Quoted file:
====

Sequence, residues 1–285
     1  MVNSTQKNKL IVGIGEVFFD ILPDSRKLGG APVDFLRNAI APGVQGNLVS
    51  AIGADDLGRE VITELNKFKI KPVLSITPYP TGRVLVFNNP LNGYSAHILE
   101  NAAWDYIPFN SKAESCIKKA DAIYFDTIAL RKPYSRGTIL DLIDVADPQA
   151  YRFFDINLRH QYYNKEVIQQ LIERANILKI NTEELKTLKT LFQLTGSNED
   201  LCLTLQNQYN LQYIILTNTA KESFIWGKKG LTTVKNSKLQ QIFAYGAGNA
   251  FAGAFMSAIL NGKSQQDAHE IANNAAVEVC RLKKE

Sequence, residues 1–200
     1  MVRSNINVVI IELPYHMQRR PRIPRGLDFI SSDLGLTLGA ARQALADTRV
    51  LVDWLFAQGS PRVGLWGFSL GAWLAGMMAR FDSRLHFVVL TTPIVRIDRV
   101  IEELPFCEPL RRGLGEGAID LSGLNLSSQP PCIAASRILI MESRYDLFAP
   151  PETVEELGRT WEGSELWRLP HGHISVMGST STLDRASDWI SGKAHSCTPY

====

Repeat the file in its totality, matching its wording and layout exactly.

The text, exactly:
Sequence, residues 1–285
     1  MVNSTQKNKL IVGIGEVFFD ILPDSRKLGG APVDFLRNAI APGVQGNLVS
    51  AIGADDLGRE VITELNKFKI KPVLSITPYP TGRVLVFNNP LNGYSAHILE
   101  NAAWDYIPFN SKAESCIKKA DAIYFDTIAL RKPYSRGTIL DLIDVADPQA
   151  YRFFDINLRH QYYNKEVIQQ LIERANILKI NTEELKTLKT LFQLTGSNED
   201  LCLTLQNQYN LQYIILTNTA KESFIWGKKG LTTVKNSKLQ QIFAYGAGNA
   251  FAGAFMSAIL NGKSQQDAHE IANNAAVEVC RLKKE

Sequence, residues 1–200
     1  MVRSNINVVI IELPYHMQRR PRIPRGLDFI SSDLGLTLGA ARQALADTRV
    51  LVDWLFAQGS PRVGLWGFSL GAWLAGMMAR FDSRLHFVVL TTPIVRIDRV
   101  IEELPFCEPL RRGLGEGAID LSGLNLSSQP PCIAASRILI MESRYDLFAP
   151  PETVEELGRT WEGSELWRLP HGHISVMGST STLDRASDWI SGKAHSCTPY